6. US-affiliated companies overseas employ 14.4 million workers.
(The Balance) (Quartz) (Marketplace)
The US currently outsources 14.4 million jobs, more than twice the number of unemployed people nationwide before the COVID-19 pandemic (5.9 million). Since the pandemic started, unemployment rose to 12.6 million, which is still lower than the total number of outsourced jobs.
In theory, if all those outsourced positions were brought back home, the US wouldn’t have any unemployed people. To make matters worse, if it weren’t for all the jobs lost to outsourcing, statistics reveal that millions of part-time workers in the US could be hired on a full-time basis.
7. 43% of all outsourced US jobs are in the IT sector.
(Venture Beat) (CodersLink)
In 2015 alone, US tech companies outsourced more than 211,000 jobs to overseas contractors. Experts claim that Silicon Valley jobs are most at risk in this era of increased tech outsourcing.
Commonly outsourced processes in the sector include app development and maintenance, data centers, and customer support. Frontend, backend, and full-stack developers are among the most common positions outsourced by tech startups. IT outsourcing trends show that web hosting, system support, and disaster recovery are also often outsourced to third parties.
8. India is the world’s top country for business process outsourcing.
This is easily explained by the fact that the country offers a skilled, cheap, and educated workforce fluent in English. According to a 2018 report, India has at least 1,140 global in-house centers, more than any other country in the world.
Hundreds of the world’s largest companies currently outsource to India, stats on outsourcing reveal. The financial services giant Barclays employs by far the most locals, with more than 16,000 people already working in their Chennai-based facility and a further 8,800 in their newly built center in Pune.
9. 20% of US companies outsource their entire IT support abroad.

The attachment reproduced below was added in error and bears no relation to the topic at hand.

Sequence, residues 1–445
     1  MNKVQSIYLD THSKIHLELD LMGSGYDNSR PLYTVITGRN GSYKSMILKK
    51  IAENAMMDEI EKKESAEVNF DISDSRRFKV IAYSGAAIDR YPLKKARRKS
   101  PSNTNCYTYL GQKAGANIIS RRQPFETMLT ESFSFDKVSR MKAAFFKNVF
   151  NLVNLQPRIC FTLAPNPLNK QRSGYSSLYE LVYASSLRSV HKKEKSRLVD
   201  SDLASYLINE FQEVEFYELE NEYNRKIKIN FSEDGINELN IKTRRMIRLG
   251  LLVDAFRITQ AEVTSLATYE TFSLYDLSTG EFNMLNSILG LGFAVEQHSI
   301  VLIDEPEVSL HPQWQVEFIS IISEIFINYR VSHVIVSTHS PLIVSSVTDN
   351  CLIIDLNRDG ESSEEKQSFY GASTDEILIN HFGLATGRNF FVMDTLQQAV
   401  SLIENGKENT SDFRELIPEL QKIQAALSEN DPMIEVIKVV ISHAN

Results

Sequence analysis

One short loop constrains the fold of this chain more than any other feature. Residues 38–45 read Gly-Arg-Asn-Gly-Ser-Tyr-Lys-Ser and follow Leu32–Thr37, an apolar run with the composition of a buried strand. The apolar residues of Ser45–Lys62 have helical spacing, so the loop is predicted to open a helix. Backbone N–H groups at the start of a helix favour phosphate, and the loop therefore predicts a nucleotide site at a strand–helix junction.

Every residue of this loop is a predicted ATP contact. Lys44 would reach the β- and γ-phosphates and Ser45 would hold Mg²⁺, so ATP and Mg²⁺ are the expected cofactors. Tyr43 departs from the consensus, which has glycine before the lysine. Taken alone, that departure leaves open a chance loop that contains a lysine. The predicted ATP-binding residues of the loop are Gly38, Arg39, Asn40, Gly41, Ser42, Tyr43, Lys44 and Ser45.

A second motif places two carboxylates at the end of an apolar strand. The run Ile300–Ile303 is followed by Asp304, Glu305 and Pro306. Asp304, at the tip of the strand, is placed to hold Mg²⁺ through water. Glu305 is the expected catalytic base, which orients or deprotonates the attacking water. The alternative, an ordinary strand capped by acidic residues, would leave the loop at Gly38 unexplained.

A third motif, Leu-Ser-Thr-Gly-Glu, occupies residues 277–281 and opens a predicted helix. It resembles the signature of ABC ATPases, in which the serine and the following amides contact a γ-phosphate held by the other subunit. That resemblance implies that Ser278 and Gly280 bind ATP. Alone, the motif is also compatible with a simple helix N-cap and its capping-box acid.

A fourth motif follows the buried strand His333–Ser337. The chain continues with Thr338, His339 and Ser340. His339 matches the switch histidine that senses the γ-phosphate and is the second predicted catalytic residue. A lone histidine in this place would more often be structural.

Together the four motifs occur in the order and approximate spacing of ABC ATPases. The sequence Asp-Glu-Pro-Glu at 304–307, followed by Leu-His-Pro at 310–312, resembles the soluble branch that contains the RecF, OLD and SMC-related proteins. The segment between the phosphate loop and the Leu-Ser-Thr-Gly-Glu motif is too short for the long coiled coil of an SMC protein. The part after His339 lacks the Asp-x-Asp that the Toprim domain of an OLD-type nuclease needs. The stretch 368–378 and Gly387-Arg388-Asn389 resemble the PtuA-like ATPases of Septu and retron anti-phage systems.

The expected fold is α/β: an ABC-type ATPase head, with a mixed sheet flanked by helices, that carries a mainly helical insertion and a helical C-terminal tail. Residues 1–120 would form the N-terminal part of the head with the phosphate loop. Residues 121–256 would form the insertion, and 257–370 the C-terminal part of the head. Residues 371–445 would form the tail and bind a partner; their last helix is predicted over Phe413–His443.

At the same time, 15% of US-based companies outsource their entire app maintenance and development process to suppliers in other countries, and 10% do the same for their master data management. These trends in outsourcing are expected to continue in the future, with between 9% and 11% of businesses planning to outsource more of their IT operations offshore.
10. Ukraine is the leading IT outsourcing destination in Central and Eastern Europe.
With a steadily increasing IT workforce, Ukraine has become one of Europe’s top outsourcing destinations for software development. The country is currently home to more than 1,600 IT outsourcing companies and has about 200,000 IT professionals, double the number it had just five years ago.
Ukraine’s job outsourcing statistics reveal that the country’s IT outsourcing market was valued at $2.7 billion in 2015 and is expected to reach $5.7 billion by the end of 2020, a 111% increase over a 5-year period. Some of the companies outsourcing their operations to Ukraine include tech giants like LG, Microsoft, Slack, and Facebook.
11. More than 800 companies outsource their call centers to the Philippines.
(DBOS) (Flatworld Solutions)
Some of the organizations with call centers based in the Philippines include Chevron, Safeway, and Citibank. According to statistics on outsourcing, the Philippines’ outsourcing industry is projected to surpass the $50-billion mark in 2020. This marks an increase of more than 100% since 2016. Most of this revenue was generated by call centers, which is why the country has been dubbed the “Call Center Capital of the World.”
12. Under NAFTA, the US lost more than half a million jobs to Mexico.
The North American Free Trade Agreement (NAFTA), which came into force in 1994, was supposed to make cross-border trade easier for North American countries. And while it did bring many benefits, United States outsourcing statistics show that, by 2010, the country had lost 682,900 jobs. All these jobs went to Mexico, and even though 116,400 of them were lost to the global financial crisis of 2008 and 2009, the US still lost 566,500 jobs across different industries.
Things weren’t that great south of the border, either. Despite the influx of new jobs outsourced by US-based companies, the local agricultural industry suffered severe losses. Research reveals that close to 1.3 million Mexican farmers lost their jobs over that same 16-year period.